Then, there’s Luke Skywalker. Mark Hamill himself has come out and said that he despises the way his character was portrayed in The Last Jedi. For me, the way Luke is was a necessity to make room for the “new” that they kept preaching about, a la Rey, Finn, Poe, etc. How could they possibly write up Luke that has him in a similar position as Yoda and not make him seem just like a Yoda rip-off? A scared little bird with some serious PTSD. He feels more like a war veteran than the brave young Jedi we once knew him to be. I didn’t have any strong feelings about this sort of interpretation, but saw it as a necessary evil. In all honesty, I feel Luke redeemed himself as a character by the end, so his initial down-trodden self became an afterthought.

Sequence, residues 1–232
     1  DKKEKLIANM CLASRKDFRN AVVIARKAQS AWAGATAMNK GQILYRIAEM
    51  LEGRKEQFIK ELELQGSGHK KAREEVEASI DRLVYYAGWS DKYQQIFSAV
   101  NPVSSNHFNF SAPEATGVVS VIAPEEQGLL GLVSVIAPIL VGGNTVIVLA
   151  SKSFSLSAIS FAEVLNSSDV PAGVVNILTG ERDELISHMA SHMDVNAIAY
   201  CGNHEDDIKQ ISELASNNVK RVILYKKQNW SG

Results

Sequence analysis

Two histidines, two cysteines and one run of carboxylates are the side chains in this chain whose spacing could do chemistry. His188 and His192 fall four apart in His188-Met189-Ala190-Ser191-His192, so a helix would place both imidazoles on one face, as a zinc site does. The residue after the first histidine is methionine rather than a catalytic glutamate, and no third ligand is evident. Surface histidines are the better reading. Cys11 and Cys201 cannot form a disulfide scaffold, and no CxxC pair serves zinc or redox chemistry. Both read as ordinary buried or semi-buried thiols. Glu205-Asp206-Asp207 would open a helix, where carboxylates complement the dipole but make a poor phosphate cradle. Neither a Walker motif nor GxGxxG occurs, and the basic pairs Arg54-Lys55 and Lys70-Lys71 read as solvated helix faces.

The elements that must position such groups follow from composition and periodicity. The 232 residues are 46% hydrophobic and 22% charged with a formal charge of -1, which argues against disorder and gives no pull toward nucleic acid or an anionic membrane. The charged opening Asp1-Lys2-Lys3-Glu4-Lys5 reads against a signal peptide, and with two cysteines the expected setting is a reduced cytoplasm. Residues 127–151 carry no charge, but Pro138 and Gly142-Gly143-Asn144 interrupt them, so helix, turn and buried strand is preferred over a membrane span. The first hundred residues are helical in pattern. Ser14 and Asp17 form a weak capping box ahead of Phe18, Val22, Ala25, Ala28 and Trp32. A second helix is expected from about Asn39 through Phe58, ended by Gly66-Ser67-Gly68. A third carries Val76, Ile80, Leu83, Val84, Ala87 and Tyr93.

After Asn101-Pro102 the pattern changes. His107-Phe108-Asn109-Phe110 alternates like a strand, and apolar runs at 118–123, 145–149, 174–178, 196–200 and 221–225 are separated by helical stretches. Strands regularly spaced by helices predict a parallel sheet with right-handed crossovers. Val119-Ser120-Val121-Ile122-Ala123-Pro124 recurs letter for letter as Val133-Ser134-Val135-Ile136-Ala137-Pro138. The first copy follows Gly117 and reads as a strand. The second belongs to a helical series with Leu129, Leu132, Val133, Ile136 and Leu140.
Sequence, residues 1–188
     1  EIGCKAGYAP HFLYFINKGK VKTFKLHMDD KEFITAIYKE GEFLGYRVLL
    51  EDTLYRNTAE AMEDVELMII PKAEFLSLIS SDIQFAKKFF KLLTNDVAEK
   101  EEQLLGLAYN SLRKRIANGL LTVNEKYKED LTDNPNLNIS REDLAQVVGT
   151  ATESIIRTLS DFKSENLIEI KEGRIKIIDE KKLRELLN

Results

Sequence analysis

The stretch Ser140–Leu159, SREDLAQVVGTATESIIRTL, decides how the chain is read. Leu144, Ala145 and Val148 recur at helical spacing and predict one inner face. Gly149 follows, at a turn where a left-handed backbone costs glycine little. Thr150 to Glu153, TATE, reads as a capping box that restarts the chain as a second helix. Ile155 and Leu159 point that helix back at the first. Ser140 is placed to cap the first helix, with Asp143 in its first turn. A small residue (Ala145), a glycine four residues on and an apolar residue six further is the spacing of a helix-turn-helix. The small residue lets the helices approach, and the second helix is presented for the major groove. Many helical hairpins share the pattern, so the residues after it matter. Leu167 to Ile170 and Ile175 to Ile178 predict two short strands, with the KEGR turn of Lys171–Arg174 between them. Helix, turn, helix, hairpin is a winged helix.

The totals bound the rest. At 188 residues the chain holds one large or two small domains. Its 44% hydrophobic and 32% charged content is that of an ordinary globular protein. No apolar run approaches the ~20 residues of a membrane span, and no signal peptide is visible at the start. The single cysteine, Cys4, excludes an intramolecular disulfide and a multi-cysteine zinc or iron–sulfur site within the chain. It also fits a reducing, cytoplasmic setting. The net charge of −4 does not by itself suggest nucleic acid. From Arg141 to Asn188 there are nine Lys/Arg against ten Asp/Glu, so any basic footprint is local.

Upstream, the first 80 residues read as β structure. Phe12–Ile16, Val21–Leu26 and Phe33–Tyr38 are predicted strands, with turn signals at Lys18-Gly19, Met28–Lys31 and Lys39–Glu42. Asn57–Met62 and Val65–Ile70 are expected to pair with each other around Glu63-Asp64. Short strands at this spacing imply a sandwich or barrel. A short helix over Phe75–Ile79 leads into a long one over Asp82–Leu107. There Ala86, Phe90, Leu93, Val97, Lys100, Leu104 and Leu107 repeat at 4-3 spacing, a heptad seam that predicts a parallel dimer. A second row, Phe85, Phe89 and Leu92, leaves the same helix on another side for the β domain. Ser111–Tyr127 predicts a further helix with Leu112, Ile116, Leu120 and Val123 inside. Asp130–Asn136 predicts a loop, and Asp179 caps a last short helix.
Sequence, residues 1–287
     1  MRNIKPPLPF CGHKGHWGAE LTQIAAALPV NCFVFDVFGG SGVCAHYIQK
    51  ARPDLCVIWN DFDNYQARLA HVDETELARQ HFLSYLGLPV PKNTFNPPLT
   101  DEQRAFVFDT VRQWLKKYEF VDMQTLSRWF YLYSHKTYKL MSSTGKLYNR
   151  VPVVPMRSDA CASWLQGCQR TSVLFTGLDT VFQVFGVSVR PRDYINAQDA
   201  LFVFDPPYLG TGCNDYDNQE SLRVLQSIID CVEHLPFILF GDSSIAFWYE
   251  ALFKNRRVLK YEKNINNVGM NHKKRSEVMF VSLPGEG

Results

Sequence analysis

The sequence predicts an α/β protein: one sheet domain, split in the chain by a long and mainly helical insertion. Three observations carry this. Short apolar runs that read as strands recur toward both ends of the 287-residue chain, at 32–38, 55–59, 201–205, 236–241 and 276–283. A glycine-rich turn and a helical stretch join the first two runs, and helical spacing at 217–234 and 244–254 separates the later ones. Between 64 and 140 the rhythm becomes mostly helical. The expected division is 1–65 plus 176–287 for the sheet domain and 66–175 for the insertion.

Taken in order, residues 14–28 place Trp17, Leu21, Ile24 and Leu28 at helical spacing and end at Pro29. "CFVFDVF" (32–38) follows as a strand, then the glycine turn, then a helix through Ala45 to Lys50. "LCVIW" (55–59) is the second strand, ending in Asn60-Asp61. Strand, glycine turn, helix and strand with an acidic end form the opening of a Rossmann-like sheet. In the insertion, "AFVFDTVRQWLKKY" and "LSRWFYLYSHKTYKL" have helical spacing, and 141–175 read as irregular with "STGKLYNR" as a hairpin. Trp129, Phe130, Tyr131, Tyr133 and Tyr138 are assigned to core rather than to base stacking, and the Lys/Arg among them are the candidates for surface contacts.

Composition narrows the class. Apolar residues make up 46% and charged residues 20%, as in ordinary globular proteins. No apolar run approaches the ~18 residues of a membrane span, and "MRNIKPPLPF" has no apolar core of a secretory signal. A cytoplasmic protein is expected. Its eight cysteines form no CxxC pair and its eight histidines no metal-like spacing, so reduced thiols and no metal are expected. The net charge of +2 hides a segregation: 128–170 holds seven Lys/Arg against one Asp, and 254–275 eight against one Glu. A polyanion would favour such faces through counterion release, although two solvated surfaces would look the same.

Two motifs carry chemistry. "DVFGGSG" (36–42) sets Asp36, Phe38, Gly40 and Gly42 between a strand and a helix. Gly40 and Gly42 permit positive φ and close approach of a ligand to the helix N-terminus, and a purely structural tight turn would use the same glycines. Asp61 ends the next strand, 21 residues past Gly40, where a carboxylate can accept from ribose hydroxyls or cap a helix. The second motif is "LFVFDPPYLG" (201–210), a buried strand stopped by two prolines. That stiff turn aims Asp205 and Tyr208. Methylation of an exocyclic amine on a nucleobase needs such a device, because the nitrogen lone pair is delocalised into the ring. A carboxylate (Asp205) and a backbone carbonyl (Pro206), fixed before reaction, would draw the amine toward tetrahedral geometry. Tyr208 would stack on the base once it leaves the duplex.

“Gee, Kapodaco. You’ve pretty much been talking shit about this film the entire time. Doesn’t the title of this post mention something about ‘Potential’?” Yes, myself. The title does say that, because despite all of said shit pointed out, I enjoyed this film, and found more positive with it than negative. Yes, plotholes and comedy and blatant pandering aside, when I put this film side-by-side with The Force Awakens, I think there’s a hell of a lot more effort into making a real story out of this flick. I’m just glad they didn’t completely rip off Empire Strikes Back, which I expected them to. There were homages to those original classics, but they felt more like genuine tributes than straight plagiarism. More than anything, I’m just glad this film tried. It tried to make its own Star Wars story for people to enjoy, instead of taking the easy way out and making yet another safe and predictable journey a la The Force Awakens. At the end of the day, I’d much rather see something new that fails than something standard that’s decent.*